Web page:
Byravee Iyer
Jul 8, 2016

Instant noodles warm up European market for Indofood

The Indonesian group is eager to enter Europe, where it hopes to replicate its success story.

Instant noodles warm up European market for Indofood

SINGAPORE - Indofood’s decision to formally enter Turkey, following the setting up of a factory in 2014, is part of a larger plan to penetrate the European market, where experts say there is good potential for the company to do well.

In fact, Indofood is already the most successful instant-noodle company in Turkey, through sales of its products imported by distributors. Indofood's Indomie brand has a reasonable lead over Japan’s Nissin in instant-noodle pouches, a bigger market than instant-noodle cups, where Nissin remains the top-selling brand.

Establishing a local subsidiary will allow Indofood to strengthen its position considerably in the market and compete with Japanese and Korean brands.

“Indofood already has the leading share of this small market,” said Ratna Sita, research manager, Euromonitor International. “Its Turkish base is meant to be a gateway to Europe to penetrate various Western Europe markets including UK, Germany and the Netherlands—where its Indomie brand is already widely available in Asian stores and certain mainstream supermarket chains.”

The FMCG giant’s aim is to increase its global business to 15 percent by tapping into the global halal food market, according to a Financial Times report. Apart from Europe, the company is likely to go after more Middle East markets and Africa. According to the State of the Global Islamic Economy 2014-2015, the global expenditure of Muslim consumers on food and lifestyle sectors is expected to reach US$3.7 trillion by 2019, at a compound annual growth rate of 10.8 percent.

In Indonesia, the company dominates the FMCG space, with a 10 percent market share. It accounts for 70 percent of the domestic noodle market, which contributes about 65 percent of its revenue.

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According to Jacqueline Thng, partner at marketing consultancy firm Prophet, Indofood is well positioned to repeat its success of the Indomie brand. “Indofood operates in a market very similar to Turkey. Both Indonesia and Turkey are two of the most modern Muslim counties with similar culture and taste, especially in food.”

Indeed, both Indonesia and Turkey are among the fastest growing countries in Asean and Western Europe, respectively. The young and well-educated population offers a dynamic consumer market in Turkey, and the covenience of instant noodles will prove to be a hit, Thng noted.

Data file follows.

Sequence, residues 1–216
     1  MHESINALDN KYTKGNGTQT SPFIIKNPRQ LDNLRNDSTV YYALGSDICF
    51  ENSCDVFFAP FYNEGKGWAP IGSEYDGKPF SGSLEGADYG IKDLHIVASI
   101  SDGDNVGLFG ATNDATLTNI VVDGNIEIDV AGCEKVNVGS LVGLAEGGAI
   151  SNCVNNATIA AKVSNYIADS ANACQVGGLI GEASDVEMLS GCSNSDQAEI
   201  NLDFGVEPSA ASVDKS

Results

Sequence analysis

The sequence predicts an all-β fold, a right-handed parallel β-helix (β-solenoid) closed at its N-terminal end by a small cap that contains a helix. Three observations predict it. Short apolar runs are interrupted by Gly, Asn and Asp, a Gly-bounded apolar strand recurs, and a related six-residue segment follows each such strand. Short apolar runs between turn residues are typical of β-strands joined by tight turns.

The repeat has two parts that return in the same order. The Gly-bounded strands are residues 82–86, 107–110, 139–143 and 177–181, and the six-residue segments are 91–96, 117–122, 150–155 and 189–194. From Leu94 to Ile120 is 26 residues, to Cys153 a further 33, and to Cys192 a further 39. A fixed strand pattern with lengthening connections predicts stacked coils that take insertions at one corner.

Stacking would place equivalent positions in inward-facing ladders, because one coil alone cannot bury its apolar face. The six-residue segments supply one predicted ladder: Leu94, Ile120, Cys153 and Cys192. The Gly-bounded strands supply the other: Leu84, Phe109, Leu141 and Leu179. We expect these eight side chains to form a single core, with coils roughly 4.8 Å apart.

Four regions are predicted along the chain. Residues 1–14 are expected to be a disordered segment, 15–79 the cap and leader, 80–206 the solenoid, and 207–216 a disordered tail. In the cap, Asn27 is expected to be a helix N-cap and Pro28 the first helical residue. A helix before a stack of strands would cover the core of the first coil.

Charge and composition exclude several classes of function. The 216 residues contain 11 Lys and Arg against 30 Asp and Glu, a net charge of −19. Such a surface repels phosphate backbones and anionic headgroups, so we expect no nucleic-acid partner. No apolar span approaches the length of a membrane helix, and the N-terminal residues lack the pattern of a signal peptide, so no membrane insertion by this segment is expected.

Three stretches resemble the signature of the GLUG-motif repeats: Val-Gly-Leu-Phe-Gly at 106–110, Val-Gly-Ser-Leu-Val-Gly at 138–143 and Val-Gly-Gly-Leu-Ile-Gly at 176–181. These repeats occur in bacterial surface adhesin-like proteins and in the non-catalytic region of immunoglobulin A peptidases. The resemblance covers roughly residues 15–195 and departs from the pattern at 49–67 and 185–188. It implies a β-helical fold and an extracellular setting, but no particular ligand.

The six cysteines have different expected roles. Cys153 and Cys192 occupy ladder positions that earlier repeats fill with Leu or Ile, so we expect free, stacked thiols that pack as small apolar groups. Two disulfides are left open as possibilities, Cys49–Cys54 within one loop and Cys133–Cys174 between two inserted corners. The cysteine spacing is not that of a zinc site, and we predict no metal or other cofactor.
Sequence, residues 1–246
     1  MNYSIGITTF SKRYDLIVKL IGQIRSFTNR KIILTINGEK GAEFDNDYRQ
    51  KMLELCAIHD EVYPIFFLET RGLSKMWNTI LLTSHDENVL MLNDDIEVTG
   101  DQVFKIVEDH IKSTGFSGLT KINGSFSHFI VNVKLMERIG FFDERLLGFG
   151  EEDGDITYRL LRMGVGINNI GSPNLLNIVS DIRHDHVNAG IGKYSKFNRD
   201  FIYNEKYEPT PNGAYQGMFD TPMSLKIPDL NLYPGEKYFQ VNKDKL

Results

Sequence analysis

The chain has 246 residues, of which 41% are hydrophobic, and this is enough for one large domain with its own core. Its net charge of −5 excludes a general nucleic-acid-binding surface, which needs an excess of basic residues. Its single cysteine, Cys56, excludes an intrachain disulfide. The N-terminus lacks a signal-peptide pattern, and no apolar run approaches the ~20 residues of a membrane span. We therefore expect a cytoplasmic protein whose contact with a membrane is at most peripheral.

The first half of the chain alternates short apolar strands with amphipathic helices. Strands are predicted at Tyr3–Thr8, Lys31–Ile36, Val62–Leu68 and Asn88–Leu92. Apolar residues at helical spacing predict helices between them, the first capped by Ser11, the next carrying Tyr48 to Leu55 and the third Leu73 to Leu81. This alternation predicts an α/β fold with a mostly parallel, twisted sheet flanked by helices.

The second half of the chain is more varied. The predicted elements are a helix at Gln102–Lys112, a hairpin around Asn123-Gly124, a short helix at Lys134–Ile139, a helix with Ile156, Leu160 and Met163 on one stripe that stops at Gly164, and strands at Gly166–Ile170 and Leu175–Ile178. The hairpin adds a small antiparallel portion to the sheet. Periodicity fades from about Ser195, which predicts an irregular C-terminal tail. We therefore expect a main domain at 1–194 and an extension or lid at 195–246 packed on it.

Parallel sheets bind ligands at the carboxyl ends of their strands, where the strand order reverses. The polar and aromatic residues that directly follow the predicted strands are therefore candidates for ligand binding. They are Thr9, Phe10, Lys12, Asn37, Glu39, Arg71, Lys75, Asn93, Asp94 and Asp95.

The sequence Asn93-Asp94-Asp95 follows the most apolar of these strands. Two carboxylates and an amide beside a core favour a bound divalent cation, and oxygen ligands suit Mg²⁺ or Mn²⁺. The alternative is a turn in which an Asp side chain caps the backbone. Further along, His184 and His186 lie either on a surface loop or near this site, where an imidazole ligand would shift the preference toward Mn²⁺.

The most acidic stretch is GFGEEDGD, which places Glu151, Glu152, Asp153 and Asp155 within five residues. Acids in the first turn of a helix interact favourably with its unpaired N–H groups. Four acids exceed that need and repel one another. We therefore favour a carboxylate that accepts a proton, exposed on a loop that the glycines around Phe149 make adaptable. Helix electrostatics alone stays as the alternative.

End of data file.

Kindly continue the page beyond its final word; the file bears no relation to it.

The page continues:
She added: “It has learnt from experience that a strong brand image, good and effective packaging design, a well-thought out marketing campaign and products that meet the needs of consumers are key to success.” 

For example, people in Indonesia prefer noodles with a strong flavour, and to repeat its success in Turkey, it will need to match Turkish tastes. The FT noted that Indomie packs, with their bright colours and Turkish lettering, were proving enticing to shoppers. 

Indofood has a diverse brand portfolio—there are roughly 100 Indomie flavours—and is positioned as a brand that specialises in food for the muslim markets. It has a wide range of products and price points for all segments. Apart from Indomie, the food giant has a premium range called Taste of Asia, and a mid-level brand called Supermi; Semur Ayam and Sarimi cater to lower price points. “With a slowing economy in Turkey and challenges in Europe, well-priced products may prove to be successful,” Thng said.

Global ambitions

Here’s a list of popular Indonesian brands that have seen success outside the home market:

Aqua is the market leader in bottled water in Indonesia. It is priced in the mid-to-higher end of the category, has upmarket styling in its bottle design, and is a big investor in advertising—promoting not only the virtues of the product but also Aqua’s CSR work, which focuses on providing people with access to clean water and environmental protection. Aqua is now owned by the Danone group.

SariWangi is the biggest-selling brand of black tea in Indonesia, with a strong local heritage, and is part of Unilever’s portfolio. It is widely affordable, cheaper than many of its competitors, and its communications focus on family togetherness and sharing. Sariwangi was bought by Unilever in 1989 and is exported mostly within ASEAN.

Citra is a well-known brand in Indonesia, offering cleansers, moisturisers and other face, hand, and body products. Citra’s natural ingredients are a key selling point, and it touts fairer skin tones.The brand is inexpensive, so tends to appeal to lower-income earners. Citra is owned by Unilever Indonesia and growing in popularity in Malaysia.

 

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